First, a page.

In anticipation of his book launch, Jonathon has challenged us to write of "a time where you danced with uncertainty…and won." As I wrote in January of last year, my life changed in an instant when the earthquake devestated Port-au-Prince. Within 24 hours, I had crossed the border from the Dominican Republic into Haiti. I had no idea what I would find nor what would happen next. I knew that I needed to jump. I took over management of our Haiti office and went from running a small program to a large, chaotic one in the middle of the worst crisis in the Western hemisphere.
I knew that I was in way over my head and trusted that I could make my mistakes as quickly as possible and move our operations in the right direction. I leaned in, worked closely with my team, made lots of mistakes, and kept moving forward. The first few months are still a blur. Even a year later, the wild ride continues.
Before the earthquake, we were doing $10 million worth of work a year. The year of the earthquake, we raised only $2 million--a paultry sum compared to most NGOs, yet we rebuilt our systems, developed new programs, and did $16 million worth of quality work. Next year, we will top $30 million! Not only are we doing twice as much work, but the work is better. My Project Directors are linchpins. We are recognized as leaders in our work. Life is good.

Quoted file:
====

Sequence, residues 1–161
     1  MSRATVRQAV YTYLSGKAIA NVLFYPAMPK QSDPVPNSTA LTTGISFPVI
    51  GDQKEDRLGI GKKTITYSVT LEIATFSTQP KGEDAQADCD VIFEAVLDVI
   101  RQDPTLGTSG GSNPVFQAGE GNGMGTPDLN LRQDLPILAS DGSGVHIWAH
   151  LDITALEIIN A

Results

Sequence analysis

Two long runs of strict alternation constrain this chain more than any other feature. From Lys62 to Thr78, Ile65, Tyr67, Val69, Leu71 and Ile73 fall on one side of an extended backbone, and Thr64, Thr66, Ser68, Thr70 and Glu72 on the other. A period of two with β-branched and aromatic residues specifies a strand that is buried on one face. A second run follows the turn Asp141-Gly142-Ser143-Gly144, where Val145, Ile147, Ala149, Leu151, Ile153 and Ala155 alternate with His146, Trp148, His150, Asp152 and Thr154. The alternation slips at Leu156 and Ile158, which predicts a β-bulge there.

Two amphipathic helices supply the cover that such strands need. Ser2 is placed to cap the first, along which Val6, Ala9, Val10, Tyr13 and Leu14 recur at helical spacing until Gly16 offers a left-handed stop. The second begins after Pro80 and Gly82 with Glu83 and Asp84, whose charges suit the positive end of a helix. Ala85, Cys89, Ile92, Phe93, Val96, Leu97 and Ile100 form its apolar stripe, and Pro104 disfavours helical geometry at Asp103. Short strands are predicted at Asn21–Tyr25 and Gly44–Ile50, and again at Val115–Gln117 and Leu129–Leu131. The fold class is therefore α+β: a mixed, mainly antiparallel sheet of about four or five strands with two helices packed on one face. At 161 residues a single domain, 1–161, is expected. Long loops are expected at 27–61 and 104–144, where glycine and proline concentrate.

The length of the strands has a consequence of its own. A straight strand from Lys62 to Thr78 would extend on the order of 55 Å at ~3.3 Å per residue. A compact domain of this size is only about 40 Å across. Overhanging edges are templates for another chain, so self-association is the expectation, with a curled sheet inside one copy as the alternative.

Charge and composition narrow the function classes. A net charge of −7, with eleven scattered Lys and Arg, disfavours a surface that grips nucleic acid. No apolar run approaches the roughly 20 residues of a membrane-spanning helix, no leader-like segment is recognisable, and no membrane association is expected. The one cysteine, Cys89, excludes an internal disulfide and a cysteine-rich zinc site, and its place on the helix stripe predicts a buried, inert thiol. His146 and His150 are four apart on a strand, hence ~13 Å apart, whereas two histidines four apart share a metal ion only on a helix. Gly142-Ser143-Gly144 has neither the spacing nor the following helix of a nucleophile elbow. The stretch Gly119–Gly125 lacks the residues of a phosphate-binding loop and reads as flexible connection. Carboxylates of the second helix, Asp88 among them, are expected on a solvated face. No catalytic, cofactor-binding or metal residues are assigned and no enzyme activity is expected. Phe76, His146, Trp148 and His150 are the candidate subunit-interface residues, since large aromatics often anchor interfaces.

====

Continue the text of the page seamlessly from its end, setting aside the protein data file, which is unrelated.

Except I still battle the butterflies every day. With growth come new challenges--can we hire new people as good as our existing team? How do we keep moving forward? How do I sell our programs to new donors? Am I really leading in the right direction.
I thank God for the chance to have helped Haiti in the early days after the earthquake and for the trial by fire that has made me a stronger leader. I also miss those days pre-earthquake when my life was quieter and the fights easier. I preordered Jonathon's book, not because I want to go back, but so that I can do a better job of taming the butterflies.